He cleared his throat. ‘There’s nothing going on between me and Clare, you know,’ he said before adding, ‘if that’s what you were thinking.’ He continued to watch her anxiously, desperate for a reaction. He thought she nodded slightly – or was it just the light? The movement was so slight he thought he might have imagined it.
Then she spoke. ‘I know.’
He walked further into the room and crouched down in front of her, kicking away food wrappers and moving an empty mug. Almost afraid of what her reaction might be, he took hold of her hand. It remained limp at first, but then her fingers slowly moved, her grip tightening around his own.
‘I love you, you know,’ he said. ‘I’m sorry if I’ve done something to upset you, I didn’t mean to. You’re the only one for me, do you know that?’
This time her movement was more definite. She turned away from the TV and looked straight at him. ‘I know. I’m sorry.’
‘So what was that all about on the phone?’
‘I don’t feel too good.’
‘What’s wrong? Something you’ve eaten? Have you had any dinner today?’
‘So what’s up?’ He felt her head for a temperature. ‘Do you have a headache?’
She nodded. ‘Had it all day.’
‘Want me to make you something?’
‘Do you want to go out?’
‘Want to stay here.’
‘Shall I run you a bath?’
‘That’d be good. Thanks.’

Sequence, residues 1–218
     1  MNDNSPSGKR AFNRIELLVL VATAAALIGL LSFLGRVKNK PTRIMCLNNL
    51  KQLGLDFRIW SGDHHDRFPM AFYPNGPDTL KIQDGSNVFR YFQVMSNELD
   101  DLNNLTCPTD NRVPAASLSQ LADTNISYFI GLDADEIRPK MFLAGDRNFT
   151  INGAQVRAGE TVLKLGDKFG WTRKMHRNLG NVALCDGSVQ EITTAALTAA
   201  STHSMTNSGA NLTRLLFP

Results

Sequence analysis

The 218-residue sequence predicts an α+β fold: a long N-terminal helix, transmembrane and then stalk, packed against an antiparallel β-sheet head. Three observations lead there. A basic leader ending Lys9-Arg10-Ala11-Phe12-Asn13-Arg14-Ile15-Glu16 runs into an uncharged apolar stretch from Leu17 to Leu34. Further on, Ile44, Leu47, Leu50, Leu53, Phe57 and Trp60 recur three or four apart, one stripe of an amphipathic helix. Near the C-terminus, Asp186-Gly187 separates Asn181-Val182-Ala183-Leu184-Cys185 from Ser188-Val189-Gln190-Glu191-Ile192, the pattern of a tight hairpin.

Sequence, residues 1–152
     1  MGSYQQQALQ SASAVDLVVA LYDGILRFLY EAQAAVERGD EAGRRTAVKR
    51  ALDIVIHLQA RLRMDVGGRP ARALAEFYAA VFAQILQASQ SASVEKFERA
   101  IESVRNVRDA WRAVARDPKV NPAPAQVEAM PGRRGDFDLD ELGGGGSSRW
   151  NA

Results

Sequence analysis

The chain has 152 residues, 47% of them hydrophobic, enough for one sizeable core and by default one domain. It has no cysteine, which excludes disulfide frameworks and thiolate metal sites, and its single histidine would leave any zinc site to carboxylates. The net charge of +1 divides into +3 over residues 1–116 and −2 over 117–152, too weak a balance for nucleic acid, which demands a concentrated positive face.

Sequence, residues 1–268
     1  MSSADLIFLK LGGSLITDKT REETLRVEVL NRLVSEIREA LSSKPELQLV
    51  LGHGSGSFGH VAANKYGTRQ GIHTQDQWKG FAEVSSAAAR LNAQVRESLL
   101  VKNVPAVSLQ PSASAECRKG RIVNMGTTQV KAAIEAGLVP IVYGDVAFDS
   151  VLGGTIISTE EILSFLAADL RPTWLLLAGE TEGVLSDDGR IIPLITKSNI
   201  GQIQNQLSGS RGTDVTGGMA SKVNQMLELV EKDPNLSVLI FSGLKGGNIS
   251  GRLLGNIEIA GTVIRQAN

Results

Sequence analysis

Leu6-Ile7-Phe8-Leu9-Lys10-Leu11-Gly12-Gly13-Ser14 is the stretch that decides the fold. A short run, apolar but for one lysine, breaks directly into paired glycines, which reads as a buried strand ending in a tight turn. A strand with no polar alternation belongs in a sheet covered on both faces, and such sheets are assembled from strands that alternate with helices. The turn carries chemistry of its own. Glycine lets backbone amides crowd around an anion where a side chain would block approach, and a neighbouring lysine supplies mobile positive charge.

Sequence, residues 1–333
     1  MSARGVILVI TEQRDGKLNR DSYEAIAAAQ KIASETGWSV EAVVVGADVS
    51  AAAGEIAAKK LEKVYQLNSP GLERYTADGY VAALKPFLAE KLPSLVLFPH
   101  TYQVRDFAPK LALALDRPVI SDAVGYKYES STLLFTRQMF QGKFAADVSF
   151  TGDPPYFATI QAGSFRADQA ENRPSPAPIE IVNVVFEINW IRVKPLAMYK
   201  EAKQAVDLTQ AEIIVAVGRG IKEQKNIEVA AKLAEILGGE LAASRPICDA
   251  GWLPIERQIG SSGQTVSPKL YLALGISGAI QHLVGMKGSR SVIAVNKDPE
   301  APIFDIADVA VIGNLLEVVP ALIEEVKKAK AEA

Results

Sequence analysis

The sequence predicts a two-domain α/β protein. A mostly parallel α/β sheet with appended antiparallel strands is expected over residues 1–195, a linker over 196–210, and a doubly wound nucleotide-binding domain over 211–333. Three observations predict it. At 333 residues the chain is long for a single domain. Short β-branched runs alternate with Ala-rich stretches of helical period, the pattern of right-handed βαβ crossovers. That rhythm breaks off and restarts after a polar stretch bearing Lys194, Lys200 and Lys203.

‘Are you going to be okay?’
‘I’ll be fine.’
‘If you’re still like this in the morning, maybe you should see the doctor.’
‘I think I will.’
Tom stood up and went through to the bathroom where he closed the blind and started her bath running. He returned to the living room and switched on the light. Siobhan flinched at the sudden brightness. He watched her closely, concerned by her apparent lethargy.
‘That too bright?’
‘It’s okay,’ she replied, squinting.
Tom looked around. ‘Bloody hell, this place is a tip,’ he said, instinctively picking more stuff up off the floor.
‘Don’t apologise to me, sweetheart, it’s your flat.’
She smiled briefly, and sat up in her seat. Tom closed the curtains then fetched her a drink. She took it from him and managed a couple of sips before putting it down again. She took off her jacket and unbuttoned the front of her blouse, then moved towards Tom. She wrapped her arms around him and pulled him close.
‘Sorry,’ she said again.
‘Want to talk about it?’
‘Talk about what?’ she asked, her face still buried in his chest.
‘Whatever it is that’s going on. Whatever it was you thought I’d done. I just don’t want there to be any problems between us. You’re all that matters to me.’
‘I shouldn’t have taken it out on you,’ she said, kicking off the rest of her clothes as she disappeared into the bathroom.
‘But to accuse me of—’
‘I’m sorry,’ she said again, and Tom sensed he should end the conversation. He watched her as she turned off the tap, checked the temperature of the water, then slid slowly into the bath, stark naked and completely uninhibited. He watched for a moment longer, catching glimpses of her under the water, intermittently hidden by patches of bubbles.
‘You sure you’re okay?’
She nodded and smiled. ‘Hungry.’
He went through to the small kitchen, pausing only to pick up her clothes and lay them on the end of the bed.
‘Tom,’ she shouted to him, ‘could you turn the TV up please?’